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Reversing chip design for hardware security characterization

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Abstract: In a more and more connected world, attacks target different payment, identification and transportation systems leading to various economic, social and societal impacts. Some of those attacks are directly based on embedded systems hardware structure. Thus, among others, attacks can profit from transistors’ behavior or can aim to modify some part of an integrated circuit. Problematics behind Hardware Trojan detection, fault attacks and memory cell content extraction are addressed. Based on a 3 steps methodology, Sample preparation – Scanning Electron Microscopy (SEM) – Image processing, we depict how interesting Scanning Electron Microscopy intrinsic features are for hardware security. On one hand, after a frontside preparation down to transistors’ active region, the methodology allows detecting malicious hardware modification, extracting memory contents from a type of ROM or locating individual transistors prior to a fault attack in a chip’s synthesized logic. On the other hand, after a backside preparation down to transistors’ tunnel oxides, the methodology allows retrieving Flash/EEPROM memory contents. The methodology is depicted with the help of practical experiments. We will particularly point out the cost, speed and efficiency advantages for such SEM based approaches.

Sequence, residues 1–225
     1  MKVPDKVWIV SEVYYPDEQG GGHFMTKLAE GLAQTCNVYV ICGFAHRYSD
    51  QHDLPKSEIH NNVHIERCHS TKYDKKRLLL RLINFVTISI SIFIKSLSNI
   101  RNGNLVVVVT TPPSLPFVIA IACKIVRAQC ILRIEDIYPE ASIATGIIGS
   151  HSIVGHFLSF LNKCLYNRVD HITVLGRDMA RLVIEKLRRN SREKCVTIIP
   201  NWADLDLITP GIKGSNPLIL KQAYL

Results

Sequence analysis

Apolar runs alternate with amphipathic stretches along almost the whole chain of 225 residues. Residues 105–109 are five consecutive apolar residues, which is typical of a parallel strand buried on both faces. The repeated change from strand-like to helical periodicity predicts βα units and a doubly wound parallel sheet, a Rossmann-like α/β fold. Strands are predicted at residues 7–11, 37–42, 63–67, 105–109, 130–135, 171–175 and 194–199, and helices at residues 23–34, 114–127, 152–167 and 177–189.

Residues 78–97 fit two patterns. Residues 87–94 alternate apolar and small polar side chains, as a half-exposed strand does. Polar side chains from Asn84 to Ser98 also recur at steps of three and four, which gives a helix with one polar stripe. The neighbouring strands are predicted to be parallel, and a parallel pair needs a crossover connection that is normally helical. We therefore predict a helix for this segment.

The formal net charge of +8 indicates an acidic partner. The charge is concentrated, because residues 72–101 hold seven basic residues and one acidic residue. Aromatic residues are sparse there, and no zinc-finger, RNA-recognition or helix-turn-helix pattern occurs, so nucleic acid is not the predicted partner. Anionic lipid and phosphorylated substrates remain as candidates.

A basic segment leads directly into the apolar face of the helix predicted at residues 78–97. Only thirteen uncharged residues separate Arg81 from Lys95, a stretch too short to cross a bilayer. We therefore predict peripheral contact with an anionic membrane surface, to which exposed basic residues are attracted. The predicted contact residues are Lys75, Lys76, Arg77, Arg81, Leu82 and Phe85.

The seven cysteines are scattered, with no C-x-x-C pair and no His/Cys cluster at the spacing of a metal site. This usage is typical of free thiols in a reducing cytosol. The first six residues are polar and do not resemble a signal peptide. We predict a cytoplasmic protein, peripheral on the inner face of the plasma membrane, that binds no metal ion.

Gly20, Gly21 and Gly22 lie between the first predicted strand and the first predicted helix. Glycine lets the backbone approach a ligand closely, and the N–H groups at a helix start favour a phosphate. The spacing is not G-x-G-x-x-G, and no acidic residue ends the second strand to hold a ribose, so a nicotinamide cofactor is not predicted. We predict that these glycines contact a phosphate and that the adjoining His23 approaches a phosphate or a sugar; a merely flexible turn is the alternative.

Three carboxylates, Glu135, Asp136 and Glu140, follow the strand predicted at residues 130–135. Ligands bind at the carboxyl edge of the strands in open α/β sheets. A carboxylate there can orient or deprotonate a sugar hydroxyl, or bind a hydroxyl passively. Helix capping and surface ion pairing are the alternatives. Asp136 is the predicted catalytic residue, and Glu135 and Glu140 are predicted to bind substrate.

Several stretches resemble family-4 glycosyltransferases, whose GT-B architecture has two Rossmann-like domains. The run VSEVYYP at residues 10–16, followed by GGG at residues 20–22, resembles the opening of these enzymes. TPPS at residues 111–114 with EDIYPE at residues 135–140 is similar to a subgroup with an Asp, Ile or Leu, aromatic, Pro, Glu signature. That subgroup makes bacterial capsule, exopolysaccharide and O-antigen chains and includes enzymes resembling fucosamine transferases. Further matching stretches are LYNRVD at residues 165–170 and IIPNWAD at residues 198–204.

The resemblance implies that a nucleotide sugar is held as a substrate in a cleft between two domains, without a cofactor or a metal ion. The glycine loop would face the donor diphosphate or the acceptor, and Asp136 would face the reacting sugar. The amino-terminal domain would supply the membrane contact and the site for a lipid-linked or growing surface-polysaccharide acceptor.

Bio: Franck Courbon is a Post-Doctoral Research Associate in the Computer Laboratory Security team. He is currently working on integrated circuit memory contents extraction. He previously worked for Gemalto, where he has been awarded of a PhD. in partnership with the Ecole des Mines of Saint-Etienne in France.

This talk is part of the Computer Laboratory Security Seminar series.

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